TV's reality craze has finally hit Spanish-language TV. Already addicted to steamy novelas
and high-octane sports, Hispanic viewers go elsewhere for their reality fix; Fox's American Idol
and CBS's Survivor
are favorites. Now looking to keep viewers en la familia, Univision, its sister broadcast network Telefutura, and NBC Universal-owned Telemundo are diving into reality next season.
"We wouldn't do it unless the [shows] were clever and could get big ratings," says Univision COO Ray Rodriguez. He's confident the network's upcoming reality duo on Fridays can deliver.
Telemundo is equally buoyed, adding three reality series this season.
The big motivation is dinero.
Since the 2000 census showed the explosive growth of U.S. Hispanics, advertisers are boosting their marketing efforts to the segment. This year's Hispanic upfront is expected to climb past $1 billion, nearly a 20% jump over last season. In the 2003-04 upfront, Spanish-language broadcasters grabbed nearly 140 advertisers. Now they hope to grow such categories as pharmaceutical, technology, and financials. (Merrill Lynch media analyst Jessica Reif Cohen estimates an upfront of $810 million for Univision and $300 million for Telemundo. By contrast, English-language broadcast networks are expected to rake in $8.4 billion.)
Will reality up the Hispanic market's take? The risk is that U.S. Hispanic viewers won't care about regular people. "They care about celebrities," says People en Español
magazine Assistant Managing Editor Armando Correa. Reality shows have been airing in Mexico for a while. Ratings were OK, Correa says, until the breakout hit Big Brother VIP 3. Star power shot it to No. 1.
Another concern is the power of the novelas, which rule Hispanic prime time. When a novela
ends, the story is wrapped up, and a new soap opera airs. The play pattern is faster than the general market's one-night-per-week checkerboard. But it limits the networks' chance to schedule other formats. Earlier stabs at English-language–style scheduling flopped.
Yet the lifeblood of any network is growth. Spanish-language channels have done the math, which is why they hope to mimic the success of Idol
and Survivor—on their own terms.
Univision's two reality offerings tag along with proven general-market formats. Lo Veremos Todo de Niurka y Bobby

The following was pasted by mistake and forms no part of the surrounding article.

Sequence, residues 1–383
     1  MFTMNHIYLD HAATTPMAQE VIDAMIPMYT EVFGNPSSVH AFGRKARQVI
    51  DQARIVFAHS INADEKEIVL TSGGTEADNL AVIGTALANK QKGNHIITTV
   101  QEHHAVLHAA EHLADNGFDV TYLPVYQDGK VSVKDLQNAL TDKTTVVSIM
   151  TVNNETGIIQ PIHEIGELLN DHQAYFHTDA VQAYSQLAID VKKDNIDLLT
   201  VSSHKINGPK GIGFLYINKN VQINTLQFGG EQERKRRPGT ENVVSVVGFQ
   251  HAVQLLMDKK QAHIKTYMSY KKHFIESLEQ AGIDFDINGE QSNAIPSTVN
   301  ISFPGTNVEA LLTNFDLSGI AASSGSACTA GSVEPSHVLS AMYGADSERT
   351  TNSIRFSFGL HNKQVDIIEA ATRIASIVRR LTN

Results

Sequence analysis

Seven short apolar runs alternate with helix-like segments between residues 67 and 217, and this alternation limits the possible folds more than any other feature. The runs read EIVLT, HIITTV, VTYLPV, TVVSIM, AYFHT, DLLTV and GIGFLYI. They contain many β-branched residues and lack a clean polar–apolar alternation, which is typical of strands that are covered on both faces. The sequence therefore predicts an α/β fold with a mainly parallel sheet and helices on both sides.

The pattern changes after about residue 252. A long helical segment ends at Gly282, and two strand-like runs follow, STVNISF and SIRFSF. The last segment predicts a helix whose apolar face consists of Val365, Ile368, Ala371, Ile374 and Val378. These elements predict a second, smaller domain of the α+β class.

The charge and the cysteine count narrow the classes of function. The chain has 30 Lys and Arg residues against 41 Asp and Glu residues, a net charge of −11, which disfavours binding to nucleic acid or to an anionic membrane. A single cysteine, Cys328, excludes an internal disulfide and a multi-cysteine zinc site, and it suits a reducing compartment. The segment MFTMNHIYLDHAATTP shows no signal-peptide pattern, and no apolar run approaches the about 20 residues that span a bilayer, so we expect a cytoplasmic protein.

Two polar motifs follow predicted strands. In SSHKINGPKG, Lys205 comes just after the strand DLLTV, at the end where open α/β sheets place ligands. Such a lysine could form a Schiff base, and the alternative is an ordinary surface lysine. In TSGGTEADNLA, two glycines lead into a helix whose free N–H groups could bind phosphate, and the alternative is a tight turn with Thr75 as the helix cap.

(We'll See Everything About Niurka and Bobby) stars celebrity newlyweds Niurka Marcos and Bobby Larios, à la MTV matrimonial hit Newlyweds; Marcos currently appears on the Mexican
version of Big Brother. And Bachelorette
clone Apostando al Amor
(Betting on Love) asks one lovely Latina to choose among 30 suitors.
Niurka y Bobby
will "have a big rating," predicts Correa. "She is on the Mexican Big Brother VIP 3, and it's very popular because of her."
Sister network Telefutura has four reality programs on its slate, including Objectivo Fama
(Objective: Fame), where 18 wannabes vie to become a music star. Another show En Busca de un Sueño
(In Search of a Dream) helps viewers live out a fantasy, from makeovers to reunions.
Telemundo is hitching its fortune to veteran TV/music/film producer Emilio Estefan, who brings Nuevas Voces de America, an American Idol-style competition in which the winner gets a $200,000 contract prize. La Hacienda
plops 16 city slickers on a farm together, to determine who is the best "ranchero." Think Survivor
on a ranch.
El Principe Azul,
from the creator of Telemundo's first reality venture, La Cenicienta, features 20 beautiful Latinas vying for a handsome man. The twist? He has a secret that won't be revealed until the end. Yet despite the reality influx, novelas
For the coming season, Univision plans four new novelas, Telefutura two, and Telemundo seven. All are pursuing more U.S.-based productions to reflect the lives of U.S. Hispanics, rather than a reliance on cheap imports. And Telemundo is ramping up its overall efforts, going to 100%-original programming in prime (some are co-productions). The network will spend about $60 million on programming.
Telemundo's goal is to chip away at market leader Univision. It is a tall order. Combined, Univision and Telefutura control more than 75% of U.S. Hispanic viewership. Telemundo desperately wants a piece of the action. NBC plunked down $2 billion for Telemundo, and the investment has begun to pay off. The network's ratings are rising, with March Nielsen marks in adults 18-49 up 100% from March 2003. And audience share grew 26% in March, up from 14% a year ago.
Telemundo's programming push is, in part, a response to Univision's exclusive partnership with international producer Televisa, the biggest supplier of Hispanic novelas. Telemundo is using eight production facilities—including four domestic ones—and tailoring its fare as "Mexican-neutral" to reach its core audience. The network should also get a boost from 130 hours of Olympic coverage from Athens.
"We're not expecting an explosion, but a gradual, steady growth," says Ray Escobar, Telemundo executive vice president of programming. "We want a trend in the right direction."
Along with beloved novelas, look for more specials and events. Univision is bringing back the legendary Veronica Castro in her own variety show, Viva Vero, in which
she'll interview celebrity guests. Another highlight is Selena … 10th Anniversary Memorial Concert.
Says Escobar: "It has never been hotter and it has never been hipper to be Hispanic."
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